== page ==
Avalanches Essay, Research Paper
Avalanche Testing and Safety
White soft fluffy snow, hard to imagine something so innocent could be so destructive. Just picture a few tons of snow traveling down the mountain at approximately 80 miles per hour, taking down everything in its path. Avalanches have been a threat as long as there has been snow and mountains. Since I m an avid backcountry skier it is important to learn about these life threatening snow masses. So in order to protect yourself from anything you must first learn how it works.
First off there is three main components to an avalanche, without them you can t have an avalanche. They go as follows: 1) snow 2) slope 3) snow instability. Secondly, there are two kinds of avalanches; slab and loose snow. Loose snow are minor and usually never exceed 20 miles per hour. While slab avalanches are the destructive and deadly mountain slides. It is not uncommon for one of these to destroy a small town or forest. Since loose snow avalanches aren t very dangerous, I will discuss slab avalanches. The fundamentals of how these snow masses occur, what to look for when testing and just all-together prevention.
The basic chemistry behind a slab avalanche is when one layer of snow does not bond to the layer below it. Any kind of temperature change, fresh snowfall, the weight of a person, all can cause the slab to break free from the lower layer. The formation of a slab is possible in many ways. One way is for the snow to develop a crust and then there be more snowfall. Since snow doesn t bond to the crust it becomes a potential for an avalanche zone. Another way is for surface hoar to develop, or large ice crystal on the snow. This is usually caused by condensation on the snow surface. This will also have poor bonding characteristics, and cause for a potential slide. The crystal itself is also very stable and will stay in that formation until melted usually. Slab avalanches usually only occur between 35-45 degree slopes and on a concave slope. There are ways possible to test for an avalanche zone. These tests have been developed over the years by ski patrollers, avalanche safety, and seasoned mountaineers. Make sure whenever performing an avalanche test you are not in an area where you could possibly trigger or be in the path of an avalanche.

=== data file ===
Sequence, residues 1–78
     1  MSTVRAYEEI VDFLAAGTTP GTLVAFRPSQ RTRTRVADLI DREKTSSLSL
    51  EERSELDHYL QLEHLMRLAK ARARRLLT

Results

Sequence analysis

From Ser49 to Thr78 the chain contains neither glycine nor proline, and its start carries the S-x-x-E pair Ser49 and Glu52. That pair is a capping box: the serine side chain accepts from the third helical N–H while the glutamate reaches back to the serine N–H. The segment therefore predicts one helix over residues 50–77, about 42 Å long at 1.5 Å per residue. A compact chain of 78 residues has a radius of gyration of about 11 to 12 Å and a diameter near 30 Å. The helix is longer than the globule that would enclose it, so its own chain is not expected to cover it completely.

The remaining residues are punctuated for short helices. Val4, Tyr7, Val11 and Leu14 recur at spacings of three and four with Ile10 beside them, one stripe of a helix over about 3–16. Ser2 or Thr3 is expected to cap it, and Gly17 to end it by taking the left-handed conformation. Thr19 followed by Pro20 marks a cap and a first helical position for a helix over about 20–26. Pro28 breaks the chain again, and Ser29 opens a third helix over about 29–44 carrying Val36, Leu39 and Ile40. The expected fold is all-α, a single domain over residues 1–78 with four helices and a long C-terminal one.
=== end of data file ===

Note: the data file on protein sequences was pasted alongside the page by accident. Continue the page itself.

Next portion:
The most common test to use is the shear test. This test is used to diagnose the snowpack and possible dangers. Find a column of undisturbed snow 2-3 feet deep by 1 foot across. Remove soft and very soft snow from the top of the column. Cut the back of the column with a snow saw, but do not cut deeper than 1 + feet from the top of the column. Insert the shovel at the back of the column, and with both hands pull the shovel toward you until the actual column breaks. If the column breaks in a clean smooth manner, record the height of the failure, force required, and observe the crystals at that site. If the column fails to break, or produces an uneven shear, level the column above the height of the 1 + feet back cut, saw to 1 + feet from the new top and repeat. The easier it is to pull away the slab the more dangerous it is to ski. In order to get an accurate reading and idea of the snow pack the procedure must be performed a few times in different areas.
Another test used is called the Rutschblock test. This is pretty much a giant compression test. This test in particular will give you a good general idea of the slope you are inspecting. Single out a block of snow on a slope you plan to ski/snowboard/traverse in a safe location. The size of the block should be about 5 feet upslope, and 6 feet across the slope. The slope angle should be at least 25 degrees steep on untouched snow, with no natural anchors and an even snow pack. The back of the column can be cut with a ski, pole, large snow saw, or cord. If due to the conclusion of your shear test you find there are no weak layers you don t have to cut the block all the way down to dirt. After you have finished that, a skier with their skis on, steps on the block and applies enough pressure slowly until the block falls. Stability is rated by how much force it takes for a layer of snow to fail. The easier the block of snow slides, the more dangerous it is to ski. Even though these tests can help determine the snow stability they aren t the most accurate. Some avalanche experts have developed what they called a much more accurate snow test, however it has not been fully worked out yet.
The name of the test is the stuff block test. Since it was difficult to find enough information on this particular test I will give a short summary. First, you cut a hole in the snow on the slope your going to descend. Then, you make sure it is perfectly vertical. Next, you weigh exactly ten pounds of snow in a sack on a little portable scale. You must then take the sack and drop it from 10cm and check for stress cracks in the layers. Continue dropping the sack at 10cm increments until you reach 60cm. Checking after every drop for cracks. The specialist have broken the safety scale down to this; cracks below 30cm is dangerous, 40cm is the skiers call, above 40cm is relatively safe.
Even though reading about these tests in books and on the internet it doesn t mean you know what your doing. Its best to take an avalanche course where trained specialists show you what to do in actual avalanche environment. It s especially important to take an avalanche course particular to your area, since snow is different in depending on the mountains.